A pair of George III silver plates by Paul Storr, London 1813, each with shaped shell and foliate gadroon edges, engraved with the Royal Coat of Arms and the arms of Charles William Stewart, 1st Baron Stewart, later 3rd Marquess of Londonderry (1778-1854). Diameter of each approx: 275mm / 10 1/2 inches; total weight 48.86 ounces troy. See sale listing.
This pair of ambassadorial silver plates were made by famed London silversmith Paul Storr (1771-1844) for Lord Stewart on his appointment as ambassador at Vienna on 27 August 1814.
Known by his admirers as “Fighting Charlie”, and by his detractors as “The Golden Peacock”, Stewart was a soldier and diplomat whose vivid life touched on many of the great events and personalities of the early 19th century.
The only son of Robert Stewart, first marquess of Londonderry (1739–1821), and his second wife, Frances (d. 18 January 1833, aged eighty-two), eldest daughter of Charles Pratt, first Earl Camden, Charles Stewart was born in Dublin on 18 May 1778. The first marquess was an Irish politician of note who devoted much of his life to improving his Irish estates at Mount Stewart in Co. Down, advancing the causes of his tenants and re-modelling the magnificent family seat to a design by George Dance.
Commissioned in the army in 1794, Charles Stewart was immediately pitched into the war with France serving on Lord Moira’ staff in the campaign of 1794-5 in the Netherlands then joining General Craufurd in Austria where he was was wounded in the face by a musket ball. Through purchase and preferment, by 1799 Stewart was lieutenant-colonel of the 18th light dragoons returning on campaign to the Netherlands the same year, where he was again wounded. Back in England, Stewart was made colonel and aide-de-camp to the king but with no prospect of the British army campaigning further on the continent Stewart turned to politics taking a seat on his family’s interest in Londonderry: first in the Irish parliament then, after union in 1801, in the House of Commons. In 1807, he was appointed under-secretary to his elder half brother Lord Castlereagh in the war department, a position he retained until 1814.
In 1808 the campaign in the Iberian peninsular brought Stewart back to active service. He was put in command of the hussar brigade under Sir John Moore in Portugal. Following the retreat from Corunna, Stewart returned to Portugal as adjutant-general in the army of Sir Arthur Wellesley (later duke of Wellington) demonstrating reckless verve in charges with the dragoons at Rueda and Porto which earned his commander’s displeasure but also grudging respect for his bravery. Although present at the battles of Talavera and Cuidad Rodrigo, reservations over Stewart’s temperament and judgment under fire – he was said to be always wanting to take a “gallop with the Hussars” – prevented him achieving higher command. Wellington also suspected Stewart of political scheming with his brother Castlereagh who was appointed foreign secretary in 1812.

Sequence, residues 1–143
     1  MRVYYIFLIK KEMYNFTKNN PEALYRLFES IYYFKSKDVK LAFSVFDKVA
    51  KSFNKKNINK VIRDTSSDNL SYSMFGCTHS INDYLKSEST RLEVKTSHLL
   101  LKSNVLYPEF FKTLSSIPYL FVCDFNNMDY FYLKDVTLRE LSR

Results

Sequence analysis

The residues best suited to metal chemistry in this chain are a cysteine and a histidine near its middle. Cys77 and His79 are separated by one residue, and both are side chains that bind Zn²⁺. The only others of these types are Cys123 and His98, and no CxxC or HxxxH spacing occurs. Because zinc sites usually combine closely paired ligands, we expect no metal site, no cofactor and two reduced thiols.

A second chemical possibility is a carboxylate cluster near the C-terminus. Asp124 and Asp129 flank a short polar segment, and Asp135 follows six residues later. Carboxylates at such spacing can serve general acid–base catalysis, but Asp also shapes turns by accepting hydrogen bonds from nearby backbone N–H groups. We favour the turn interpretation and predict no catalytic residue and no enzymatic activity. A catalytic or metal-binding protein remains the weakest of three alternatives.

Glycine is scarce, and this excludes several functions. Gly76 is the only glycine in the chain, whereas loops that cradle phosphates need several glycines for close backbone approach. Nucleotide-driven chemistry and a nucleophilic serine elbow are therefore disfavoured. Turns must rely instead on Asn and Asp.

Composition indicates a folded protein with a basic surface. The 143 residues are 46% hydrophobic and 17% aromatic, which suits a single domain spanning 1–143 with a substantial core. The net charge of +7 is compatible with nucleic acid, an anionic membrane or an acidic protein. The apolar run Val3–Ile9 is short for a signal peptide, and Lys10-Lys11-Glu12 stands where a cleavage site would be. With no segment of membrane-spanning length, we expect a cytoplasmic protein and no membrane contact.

His military ambition apparently thwarted, Stewart reluctantly returned to politics. In 1813 he was appointed knight of the Order of the Bath then, the next year, created Baron Stewart of Stewart’s Court and Ballylawn in the county of Donegal. His coat of arms, as seen on the plates, were augmented with the motto of the Order of the Bath surmounted by a baron’s coronet with supporters modelled as two hussars in the full uniform of the 18th Light Dragoons. As British minister to the court at Berlin, Stewart signed the treaty of alliance against France between Prussia, Britain and Russia on 27 April 1813. He was then present in an active military capacity in several engagements with the French and was one of the very few British officers who witnessed the decisive battle of Leipzig on 16 October where he led a charge of the Brandenburg hussars. He then joined the allies on the advance into France seeing further action until Paris was reached on 31 March 1814.
Now emblazoned with foreign orders and decorations, Stewart was appointed ambassador to Vienna attending, with his brother Castlereagh and Wellington, the congress convened there to determine the future of Europe following the fall of Bonaparte. However, his dissolute behaviour, womanizing (he was widowed in 1812) and preposterous love of display, which earned him the sobriquet of “The Golden Peacock”, created more comment (and enjoyment) than his skills of diplomacy. Nevertheless, Stewart persisted in his political career and after his brother’s suicide in 1822, when he unexpectedly succeeded as 3rd Marquess of Londonderry, he agitated for further rewards although he had created too many enemies by his apparent scheming to achieve high office. Instead he turned to furthering, and financing, the rising cause of conservatism as a close ally of Sir Robert Peel.
In 1819, Londonderry married secondly Frances Vane-Tempest (1800-1865), daughter of the immensely wealthy Sir Harry Vane-Tempest. To secure her inheritance, Londonderry changed his name from Stewart to Vane by Royal Licence and together with his talented wife worked on improving her family’s estates around Wynyard Hall in County Durham and their valuable interests in the coal industry. Although increasingly marginalised from politics, Londonderry lost none of his fighting vigour intervening in national affairs and fighting two duels, the second in 1839 when he was over sixty. Despite their differences over many years, Londonderry was a pallbearer at the funeral of the duke of Wellington dying himself two years later on 6 March 1854.